Artist Ryan Wallace is back in school―the Brooklyn painter’s studio used to be a Catholic school and he shares a school room with fellow artist Keegan McHargue. The cavernous sunny room is starkly white and streaming with light, and it quickly warms up as Wallace ambles around the room, gently sifting through his gigantic canvases and collages.
There are a million struggling artists in Brooklyn, a million painters and sculptors and printmakers. But Ryan Wallace, 32, might just be a little bit different. After all, there are few artists whose work so intently references the startling magic of scientific discovery, the cross-pollination of creativity and technology. And the Large Hadron Collider.
The collider, as its explained by Morgan Lehman gallery, which plays host to Wallace’s newest solo show, “Glean,” this month in New York, is aiming to “find the 'God Particle,' reveal the scaffolding of the cosmos, explain the Big Bang―and threatens to engulf the universe.”
“I'm reading a lot about technology and futurism and science,” Wallace explains during a recent studio visit, “and I use a lot of cues to hint at that.”
But that doesn't mean that Wallace's work exists in an inaccessible abstract art bubble. “If the only entry point with abstract work is 'abstract work' then you have a smaller audience. I want my work to speak to a broader group of people.”
Yeah, but the Hadron Collider?
“These are new technological developments, but the questions that they pose are the oldest questions ever—they're nothing new,” continues Wallace. “At the root of it, these are Stone Age things. These questions consistently repeat themselves. It's stuff that art has addressed since the very beginning.”
And it's the power of these themes—and Wallace's deft ability to communicate them, to turn them from concept to canvas – that make his work so compelling. Collaged canvases feature deftly arranged strips of colored paper in a deep and beautiful vortex—some nearly faded to nothingness. Paintings present otherworldly geometric scapes and textures.
Jay Lehman, owner and curator of Morgan Lehman Gallery says that it's not just the theoretical underpinnings of Wallace's work that are so striking, but also his technical savvy. “The work has both artists and non-artists asking—how did he make that?—the surface is so matte yet luminous. Is it encaustic? Is it resin? Collage? Paint? All of the above? How does he achieve the depth of field?”
“Painting kind of came naturally,” says Wallace, who studied fine arts at the Rhode Island School of Design. “When I learned how to manipulate paint I could understand that pretty well. I learned things like composition and color theory, which is what my stuff is rooted in.”
His newer collages pieces, in muted tones, a minimal palette, and with layers of polyvinyl acetate, came out of his painting. “When I'm working on paintings, I'll tape areas off and pieces of paper. The collages wouldn't have happened if I wasn't making the oil paintings.”
Wallace cites former studio mate Joey Hart as a major influence with his collage work. “It's just a nice way to work. It's a nice low-pressure kind of practice. I can do things on paper that don't work in paintings. Things can float around and get dirty. [Collages] rely on my hand making those marks. There is an arbitrariness—even though it appears really controlled. It's like chemistry—I don't know what it's going to look like, it's the chemistry of the glue and the mylar and the paper.”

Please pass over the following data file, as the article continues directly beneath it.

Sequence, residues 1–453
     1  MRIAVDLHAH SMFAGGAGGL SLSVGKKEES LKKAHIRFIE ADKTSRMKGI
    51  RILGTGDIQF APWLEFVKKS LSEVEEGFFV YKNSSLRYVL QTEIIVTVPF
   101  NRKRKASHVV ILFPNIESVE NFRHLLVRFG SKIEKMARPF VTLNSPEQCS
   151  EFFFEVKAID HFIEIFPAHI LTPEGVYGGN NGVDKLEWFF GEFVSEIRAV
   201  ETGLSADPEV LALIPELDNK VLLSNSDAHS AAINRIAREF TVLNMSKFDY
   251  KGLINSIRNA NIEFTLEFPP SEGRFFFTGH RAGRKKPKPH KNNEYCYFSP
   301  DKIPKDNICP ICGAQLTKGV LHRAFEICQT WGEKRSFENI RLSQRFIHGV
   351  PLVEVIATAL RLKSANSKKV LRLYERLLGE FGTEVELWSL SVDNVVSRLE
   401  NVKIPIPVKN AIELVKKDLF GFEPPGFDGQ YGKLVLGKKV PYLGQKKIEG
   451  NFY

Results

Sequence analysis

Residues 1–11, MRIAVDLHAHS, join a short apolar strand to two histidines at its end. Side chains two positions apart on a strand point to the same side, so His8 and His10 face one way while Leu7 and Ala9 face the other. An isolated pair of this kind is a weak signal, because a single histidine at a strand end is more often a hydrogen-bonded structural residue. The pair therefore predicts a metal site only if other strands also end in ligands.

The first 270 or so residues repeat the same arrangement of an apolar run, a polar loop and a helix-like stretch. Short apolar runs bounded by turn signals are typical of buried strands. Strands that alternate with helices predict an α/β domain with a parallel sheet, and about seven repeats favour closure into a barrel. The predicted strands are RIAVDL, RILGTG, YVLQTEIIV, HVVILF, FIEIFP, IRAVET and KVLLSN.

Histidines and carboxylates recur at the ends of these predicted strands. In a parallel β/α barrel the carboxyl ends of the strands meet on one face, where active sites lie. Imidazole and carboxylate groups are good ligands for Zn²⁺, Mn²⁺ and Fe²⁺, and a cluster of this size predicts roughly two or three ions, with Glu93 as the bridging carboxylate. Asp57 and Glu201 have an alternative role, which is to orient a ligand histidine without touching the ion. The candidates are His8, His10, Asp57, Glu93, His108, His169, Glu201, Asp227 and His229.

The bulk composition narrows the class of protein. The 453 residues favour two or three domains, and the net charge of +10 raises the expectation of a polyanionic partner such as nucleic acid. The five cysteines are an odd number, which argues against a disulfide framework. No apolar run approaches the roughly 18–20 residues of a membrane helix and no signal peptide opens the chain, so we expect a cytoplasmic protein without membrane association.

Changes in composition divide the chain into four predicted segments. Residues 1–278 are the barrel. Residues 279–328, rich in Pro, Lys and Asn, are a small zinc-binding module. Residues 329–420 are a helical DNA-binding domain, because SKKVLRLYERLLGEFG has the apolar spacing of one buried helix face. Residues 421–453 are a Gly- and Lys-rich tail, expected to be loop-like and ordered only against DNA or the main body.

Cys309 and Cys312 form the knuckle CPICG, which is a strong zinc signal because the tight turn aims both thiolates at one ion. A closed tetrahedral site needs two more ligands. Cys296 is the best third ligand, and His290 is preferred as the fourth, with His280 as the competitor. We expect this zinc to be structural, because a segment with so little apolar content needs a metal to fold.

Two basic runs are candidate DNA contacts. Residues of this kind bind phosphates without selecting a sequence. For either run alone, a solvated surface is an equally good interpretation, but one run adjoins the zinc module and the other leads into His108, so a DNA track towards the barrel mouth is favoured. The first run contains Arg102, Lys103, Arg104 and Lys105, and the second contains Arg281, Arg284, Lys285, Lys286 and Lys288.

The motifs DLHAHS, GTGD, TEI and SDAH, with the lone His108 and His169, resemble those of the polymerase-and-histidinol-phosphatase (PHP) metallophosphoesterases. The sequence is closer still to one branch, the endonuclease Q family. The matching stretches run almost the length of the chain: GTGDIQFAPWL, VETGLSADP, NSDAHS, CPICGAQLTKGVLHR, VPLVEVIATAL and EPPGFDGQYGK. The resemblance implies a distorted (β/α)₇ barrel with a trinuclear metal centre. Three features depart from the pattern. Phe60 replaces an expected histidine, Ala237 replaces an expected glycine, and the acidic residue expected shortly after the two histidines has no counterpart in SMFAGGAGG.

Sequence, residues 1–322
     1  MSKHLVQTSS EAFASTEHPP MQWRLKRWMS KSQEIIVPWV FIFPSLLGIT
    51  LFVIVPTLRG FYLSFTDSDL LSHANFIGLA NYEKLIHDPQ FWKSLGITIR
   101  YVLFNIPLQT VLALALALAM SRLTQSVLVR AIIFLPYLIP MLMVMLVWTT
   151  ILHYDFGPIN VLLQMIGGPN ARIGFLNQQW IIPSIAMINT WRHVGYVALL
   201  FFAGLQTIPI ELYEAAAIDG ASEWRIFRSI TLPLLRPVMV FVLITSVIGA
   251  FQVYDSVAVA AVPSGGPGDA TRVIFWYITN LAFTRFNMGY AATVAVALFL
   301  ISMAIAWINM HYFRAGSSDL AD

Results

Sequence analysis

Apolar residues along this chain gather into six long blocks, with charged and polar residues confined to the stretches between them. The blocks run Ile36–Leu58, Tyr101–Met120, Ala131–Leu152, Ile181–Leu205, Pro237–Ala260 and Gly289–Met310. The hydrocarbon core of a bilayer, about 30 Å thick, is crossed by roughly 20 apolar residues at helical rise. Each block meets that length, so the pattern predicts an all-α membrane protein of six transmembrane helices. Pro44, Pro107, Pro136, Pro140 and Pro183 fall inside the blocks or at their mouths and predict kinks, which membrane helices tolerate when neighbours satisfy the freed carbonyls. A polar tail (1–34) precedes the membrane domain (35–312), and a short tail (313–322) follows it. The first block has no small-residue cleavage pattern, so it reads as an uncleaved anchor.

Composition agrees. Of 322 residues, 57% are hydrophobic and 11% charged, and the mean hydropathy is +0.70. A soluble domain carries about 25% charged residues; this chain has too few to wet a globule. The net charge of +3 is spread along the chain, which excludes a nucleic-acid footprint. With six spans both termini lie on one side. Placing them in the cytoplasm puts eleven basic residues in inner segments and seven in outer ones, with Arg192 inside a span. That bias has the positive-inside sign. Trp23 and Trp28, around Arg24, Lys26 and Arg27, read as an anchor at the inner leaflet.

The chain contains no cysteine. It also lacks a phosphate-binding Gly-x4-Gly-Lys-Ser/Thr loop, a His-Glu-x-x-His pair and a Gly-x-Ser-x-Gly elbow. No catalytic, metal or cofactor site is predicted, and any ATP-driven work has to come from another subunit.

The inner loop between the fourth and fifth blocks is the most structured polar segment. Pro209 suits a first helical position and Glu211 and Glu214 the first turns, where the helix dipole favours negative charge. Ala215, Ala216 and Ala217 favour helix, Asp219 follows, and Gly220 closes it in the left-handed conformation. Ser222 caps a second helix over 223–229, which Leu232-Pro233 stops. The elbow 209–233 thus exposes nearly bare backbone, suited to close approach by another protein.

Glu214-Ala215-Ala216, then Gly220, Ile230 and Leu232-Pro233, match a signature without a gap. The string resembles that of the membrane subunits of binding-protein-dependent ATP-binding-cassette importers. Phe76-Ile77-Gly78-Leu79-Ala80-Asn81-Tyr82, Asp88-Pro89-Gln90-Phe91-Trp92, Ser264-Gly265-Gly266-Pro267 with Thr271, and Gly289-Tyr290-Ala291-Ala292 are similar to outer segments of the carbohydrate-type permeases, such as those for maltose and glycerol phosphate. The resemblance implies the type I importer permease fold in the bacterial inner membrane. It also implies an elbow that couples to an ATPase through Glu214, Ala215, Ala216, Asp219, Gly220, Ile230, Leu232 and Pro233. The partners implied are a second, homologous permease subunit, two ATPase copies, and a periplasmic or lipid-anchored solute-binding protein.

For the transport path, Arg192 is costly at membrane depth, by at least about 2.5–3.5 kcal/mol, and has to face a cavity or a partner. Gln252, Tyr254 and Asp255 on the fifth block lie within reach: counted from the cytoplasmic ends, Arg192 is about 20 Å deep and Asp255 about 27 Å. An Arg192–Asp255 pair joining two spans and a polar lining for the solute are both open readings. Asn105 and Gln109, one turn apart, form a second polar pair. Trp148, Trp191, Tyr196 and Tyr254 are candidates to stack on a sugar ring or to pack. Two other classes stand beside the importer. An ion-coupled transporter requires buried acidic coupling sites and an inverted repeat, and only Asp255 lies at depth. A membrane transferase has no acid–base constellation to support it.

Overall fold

Like glue to mylar and paper, Wallace is equally drawn to collaboration and community. Wallace recently contributed to longtime friend Chris Duncan's artist 'zine project Hot and Cold. In turn, Duncan participated in a show Wallace curated at Los Angeles' Raid Projects, themed around exploring specific systems of taxonomy. The show, titled “Default State Network,” features work by Duncan, Hart, Glen Baldridge, Elise Ferguson and others, is a meditation on the evolution of systems, from the primitive to the highly advanced.
Artist Alex Dodge, who is also featured in the Raid Projects show, and has known Wallace since his days as a student at RISD, says that Wallace's fascination with taxonomy extends into his own work. “Ryan's work is something of a phenomenological investigation informed by a sincere interest in science and theory.”
“Ryan has a distinct, distilled system of picture-making which I am drawn to,” says Ryan Callis, assistant curator of the Torrance Art Museum, and a long time supporter of Wallace's work. “It derives from system-based abstraction, which is how I work as well. I also really enjoy his implied search for deeper consciousness through his process and pictures—a la Agnes Martin or Richard Tuttle.”
“I think that most young artists these days make versions of what they think art should look like,” he continues, “while Ryan makes work that he thinks should operate in the way he thinks it should operate.”
And at its core, despite its roots in abstraction, Wallace's work is incredibly human, organic and emotional. “Initially there is a kind of pristine grittiness. It has the rugged smudged evidence of its process and material nature, a process that can seem a crude give and take,” says Dodge. “His works attempt to describe things that seem larger than human; the mysteries of the universe, the origins of consciousness. Maybe it's that grittiness, those thumb prints here and there that remind us how human those things are.”
“Glean” at Morgan Lehman Gallery, February 11 – March 20, New York, NY
“Default State Network” group show at Raid Projects, February 6 – 27, Los Angels, CA